When to call the teacher out.
As I reel through my Facebook feed today, more than half the posts begin with “Me, too.” This is, of course, the social media request to post these words if you have been sexually assaulted or harassed. It’s intended to shine a light on the prevalence of harassment and assault in our culture.
The sheer number of these “Me, too” posts has been huge, but not especially shocking. In my younger days, I was groped three times and flashed twice. The catcalls and insinuations are too numerous to remember.
The stereotypical perpetrator is a person in power, such as a boss or teacher, or sometimes just random guys. (The random guys pattern was a daily occurrence when I spent the summer of my senior year of college in Italy.) I can’t think of a single arena in which this sort of thing hasn’t happened.
My own chosen path, the path of yoga, is certainly not exempt. With alarming regularity, yoga teachers—especially famous ones—are “exposed” (pun intended) as having abused their positions of authority to take advantage of usually younger female students. In fact, the second of my three gropers was a famous yoga teacher.
By the time this article is published, the “Me, too” trend will have passed, but harassment and assault haven’t yet gone out of style. Here’s the story of my gropy yoga teacher experience and what I learned from it.
Thirty-one years ago, in my first year of teaching yoga, I attended a workshop on using yoga to heal back issues. The weeklong workshop was team taught by what was then a who’s who of senior yoga teachers.
Around mid-week, I was enjoying a class with a well-known senior teacher. While we practiced Downward Facing Dog Pose at the wall, the teacher came up behind me, placed his hands on my collarbones and ran them all the way down my front body, and yes, right over my breasts. At first I shuddered. I thought, “What was that about?”
Then, quickly I began to rationalize. This was a famous teacher after all. I convinced myself that he had a good reason to make this “adjustment.” I knew I wouldn’t be comfortable adjusting students this way, but of course a teacher of his stature could not have meant to grope me. I castigated myself for being judgmental and promptly forgot about it.
A few years later, I learned that the same teacher had been called out for making adjustments that were far more intrusive than the one I’d experienced. When I heard the news, I had so sufficiently buried my own experience that it took me a few days to remember. My youth and my starry-eyed pedestalizing of the famous teacher had caused me not to trust my own first instincts. In allowing the teacher to get away with a violation of my boundaries, I had unwittingly allowed the same thing to happen to who knows how many others.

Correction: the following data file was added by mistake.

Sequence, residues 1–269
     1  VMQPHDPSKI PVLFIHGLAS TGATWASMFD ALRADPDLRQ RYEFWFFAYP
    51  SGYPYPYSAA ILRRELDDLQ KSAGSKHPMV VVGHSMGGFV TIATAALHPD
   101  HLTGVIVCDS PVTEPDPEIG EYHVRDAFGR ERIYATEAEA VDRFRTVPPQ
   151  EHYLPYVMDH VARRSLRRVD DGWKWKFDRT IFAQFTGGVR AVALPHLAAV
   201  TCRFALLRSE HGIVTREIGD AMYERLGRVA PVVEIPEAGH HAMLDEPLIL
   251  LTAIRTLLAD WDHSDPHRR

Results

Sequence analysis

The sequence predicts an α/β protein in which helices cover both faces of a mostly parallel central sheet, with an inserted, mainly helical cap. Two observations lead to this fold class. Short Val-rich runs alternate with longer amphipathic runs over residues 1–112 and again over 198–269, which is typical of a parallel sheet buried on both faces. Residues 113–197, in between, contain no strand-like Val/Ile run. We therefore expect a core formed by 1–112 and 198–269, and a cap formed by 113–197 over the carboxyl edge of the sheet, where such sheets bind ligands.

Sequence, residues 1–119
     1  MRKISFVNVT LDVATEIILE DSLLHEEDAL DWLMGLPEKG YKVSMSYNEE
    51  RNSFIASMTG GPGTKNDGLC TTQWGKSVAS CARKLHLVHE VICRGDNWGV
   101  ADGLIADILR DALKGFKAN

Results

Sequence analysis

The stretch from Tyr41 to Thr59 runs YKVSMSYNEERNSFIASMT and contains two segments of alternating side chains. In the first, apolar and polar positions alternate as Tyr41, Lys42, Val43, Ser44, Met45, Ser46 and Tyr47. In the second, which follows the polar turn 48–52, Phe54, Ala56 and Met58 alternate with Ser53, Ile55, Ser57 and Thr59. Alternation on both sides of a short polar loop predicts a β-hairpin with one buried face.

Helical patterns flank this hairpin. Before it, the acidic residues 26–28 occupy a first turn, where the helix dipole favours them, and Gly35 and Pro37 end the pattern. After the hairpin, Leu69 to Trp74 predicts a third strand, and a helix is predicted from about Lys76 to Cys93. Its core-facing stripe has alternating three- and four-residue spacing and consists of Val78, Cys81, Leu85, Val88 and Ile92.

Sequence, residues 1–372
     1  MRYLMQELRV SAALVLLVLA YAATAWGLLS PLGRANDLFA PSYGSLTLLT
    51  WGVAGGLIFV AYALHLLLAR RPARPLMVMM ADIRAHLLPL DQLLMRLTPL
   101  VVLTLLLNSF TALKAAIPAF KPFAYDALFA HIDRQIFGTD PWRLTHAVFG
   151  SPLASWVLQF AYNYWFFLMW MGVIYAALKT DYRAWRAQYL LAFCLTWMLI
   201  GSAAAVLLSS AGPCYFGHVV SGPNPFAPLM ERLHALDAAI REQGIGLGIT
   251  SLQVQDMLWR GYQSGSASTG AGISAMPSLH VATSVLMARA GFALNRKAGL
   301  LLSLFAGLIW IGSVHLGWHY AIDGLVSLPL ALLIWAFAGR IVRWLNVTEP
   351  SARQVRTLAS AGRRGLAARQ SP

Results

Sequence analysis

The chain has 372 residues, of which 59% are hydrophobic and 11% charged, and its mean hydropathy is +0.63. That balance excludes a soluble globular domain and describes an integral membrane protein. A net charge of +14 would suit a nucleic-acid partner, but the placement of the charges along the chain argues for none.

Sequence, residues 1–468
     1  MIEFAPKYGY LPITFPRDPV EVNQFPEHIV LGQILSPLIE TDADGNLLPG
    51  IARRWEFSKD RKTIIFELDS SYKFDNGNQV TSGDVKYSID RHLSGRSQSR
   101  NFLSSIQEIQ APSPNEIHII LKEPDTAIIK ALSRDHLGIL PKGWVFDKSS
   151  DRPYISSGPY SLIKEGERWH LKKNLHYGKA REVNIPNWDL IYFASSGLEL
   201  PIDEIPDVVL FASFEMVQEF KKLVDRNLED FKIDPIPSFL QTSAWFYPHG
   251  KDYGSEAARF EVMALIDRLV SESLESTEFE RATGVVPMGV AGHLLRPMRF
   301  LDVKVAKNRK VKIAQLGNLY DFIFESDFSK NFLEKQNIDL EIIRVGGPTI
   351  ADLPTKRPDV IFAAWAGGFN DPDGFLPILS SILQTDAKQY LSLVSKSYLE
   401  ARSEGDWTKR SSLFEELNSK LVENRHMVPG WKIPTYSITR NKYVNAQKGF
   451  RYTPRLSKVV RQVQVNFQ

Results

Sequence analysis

This is an unfortunate pattern in the yoga world. Charismatic, famous teachers misbehave and their devotees ignore or cover up the behavior. I do understand why this happens. It is easy to be swept up in the high-energy current generated by a famous teacher and the happenings that surround them. The current feels good and right, and you get to be a part of it. How could there be a shadow? Plus, many times these teachers are knowledgeable. We’re learning good things from them, after all. We’re all human, nobody’s perfect; the rationalizations are endless.
Whistle blowers are rarely rewarded for their courage. By exposing problems, they are often blamed for causing damage. This is especially true when a community bases its image on “goodness and light.” Anyone who bursts the bubble of bliss—even if that bubble was an illusion to begin with—will be seen as a hater.
The teacher’s seat is an honored one. In addition to being well-versed in anatomy, philosophy and technique, a teacher needs to know himself/herself profoundly—all the places we shine and the places that trip us up. We must accept our humanity and the fact that we are all still on a path of learning. Humility is a teacher’s ally. Our students entrust their bodies, minds and spirits to us, at least for the class period. We are not entitled to that trust; we must earn it.
Here’s how I wish I would have handled the inappropriate adjustment long ago: I wish I had asked, “Can you explain that adjustment to me? I would not be comfortable making this adjustment to a student, so can you clarify why a teacher might want to make this particular adjustment?” This way of responding holds the person innocent until proven guilty—there is a chance that there was a good reason for the adjustment. At the same time this response acknowledges my own discomfort with the adjustment and lets the teacher know that.
I hope that the well-publicized controversies of the past few years and the evidence that teacher misbehavior had gone a long time unchecked will cause us all to think differently about the consequences of rationalizing inappropriate teacher-student relationships. The damage done by long-term denial is profound. People I know who have committed time, energy, money and heart to the communities embroiled in controversy end up confused, angry and often bitter. Had there been more transparency in these communities earlier on, the illusion may have been more manageable once it shattered.
Teachers bear the responsibility of behaving within the guidelines of the cornerstone of yoga’s foundation, the yamas (ethical precepts), as they sit in the power position of the teacher-student relationship. But students also have the power to keep our fallible, human teachers’ power in check by letting them know when their actions are out of integrity.
Charlotte Bell has been practicing yoga since 1982. She is the author of several yoga-related books and founder of Mindful Yoga Collective in Salt Lake City. CharlotteBellYoga.com.